Reclaiming Public Water has been one of TNI's most successful publications, obviously meeting a need in many countries and many languages. The latest in the series, which includes Spanish, Bahasa Indonesian, Italian with more to come, is Chinese, in a translation undertaken by our friend in Hong Kong, Au Ly. This is my preface, which he has now also translated. The book will be mostly distributed in Hong Kong [where people are fighting against privatisation of the public water system] and Taiwan, but Au has hopes that through the internet, people in mainland China will also be able to access it.
In May 2000, a Fortune Magazine piece claimed triumphantly that the “liquid everybody needs – and will need a lot more of in the future – is going private,” and as a result would benefit “multitudes of poor people.”
A return to public forms of administration in water supplies is a phenomenon that has been spreading globally. Over the past 15 years almost 235 cities around the world, among them Paris, Berlin, Budapest, Buenos Aires and Kuala Lumpur have either terminated or have desisted from renewing the contracts with private concessionary companies. In the Netherlands, Belgium, Austria and the Scandinavian countries, for example, water delivery is, by a tradition, almost 100 percent public.
The largest Public-Private Partnership in water sector in Germany ended in 2013 after the longstanding social mobilisation. Remunicipalisation cost a high price for the city of Berlin though. Berliners have striven for new challenges.
Spain maybe on the edge of a remunicipalisation renaissance, with all the relevant legal, financial and technical issues attracting surprisingly intense interest throughout the state. These trends in Spain provide inspiring examples for other countries too, in Europe and worldwide. On 1st December Barcelona City Council organised a remarkable conference on the topic.
The Central Jakarta District Court on 24 March annulled the water privatisation contracts of Suez (PT PAM Lyonnaise Jaya – Palyja) and Aetra, finding that the Public-Private Partnerships (PPP) were negligent in fulfilling the human right to water for Jakarta’s residents.
At UN meetings in Addis Ababa, private finance has been touted as key to achieving the new Sustainable Development Goals, but campaigners argue that public finance is more reliable and more likely to secure the human right to water for all.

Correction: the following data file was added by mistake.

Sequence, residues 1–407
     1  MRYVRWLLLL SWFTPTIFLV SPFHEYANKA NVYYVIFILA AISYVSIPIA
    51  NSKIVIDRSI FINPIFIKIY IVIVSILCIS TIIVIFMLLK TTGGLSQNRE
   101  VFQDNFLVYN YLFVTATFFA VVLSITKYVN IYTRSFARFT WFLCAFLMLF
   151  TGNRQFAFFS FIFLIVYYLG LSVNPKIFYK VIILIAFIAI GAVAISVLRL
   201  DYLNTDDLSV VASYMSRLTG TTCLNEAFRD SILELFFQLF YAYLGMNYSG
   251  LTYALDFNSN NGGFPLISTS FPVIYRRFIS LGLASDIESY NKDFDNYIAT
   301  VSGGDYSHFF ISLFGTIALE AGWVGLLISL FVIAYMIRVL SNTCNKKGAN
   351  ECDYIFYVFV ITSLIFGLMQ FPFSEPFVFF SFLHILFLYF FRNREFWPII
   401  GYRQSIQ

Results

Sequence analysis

The first CITIES FOR PUBLIC WATER MEETING took place on 3rd and 4th November, 2016 in Madrid, convened by La Red Agua Pública/the Public Water network in collaboration with the Municipal Council of Madrid. The event can be considered a milestone in the public water movement as it has strengthened the alliance of different actors involved in the defence of the public management of water, from a perspective of common good and human rights and will permit a closer collaboration with municipal councils and other public institutions (universities, professional colleges, cultural entities, etc.) in the future.
In the last 15 years there have been at least 180 cases of water remunicipalisation in 35 countries, both in the global North and South, including high profile cases in Europe, the Americas, Asia and Africa.
Despite large aid support, Ghana's privatised water utility AVRL consistently failed to meet its contractual commitments. Water is now back in state hands, but it will need increased investment and a vigilant civil society to deliver the services Ghanaians need.
The Greek government and its creditors seem bent on imposing policy whose economic merits and democratic legitimacy seem rather dubious. A French company is especially active among the candidates for privatizing water in Athens and Thessaloniki: Suez Environnement.
The 2008 Constitution of Ecuador enshrines the rights of nature and the human right to water. Juan Carlos Romero, former official at the water public utility EPMAPS, argues that guaranteeing the human right to water is not only about providing a service, but also requires mainstreaming environmental, social, financial and political sustainability into the company's activities.
Buenaventura Dargantes, Mary Ann B. Manahan, Daniel Moss, V. Suresh
17 July 2012
This project was undertaken with support from the Visayas State University, Focus on the Global South, Our Water Commons, the Centre for Law and Democracy, France Liberte, and Reclaiming Public Water Network.
The motivation behind this collection of case studies is to examine successful and/or illuminating cases of water commons governance and management, culling out insights that may be useful in communities around the world.
The President of Paris' remunicipalised water utility tells the inspiring story of how water was taken back into public hands, and why this has prompted a major expansion in reinvestment, public participation, and international solidarity cooperation.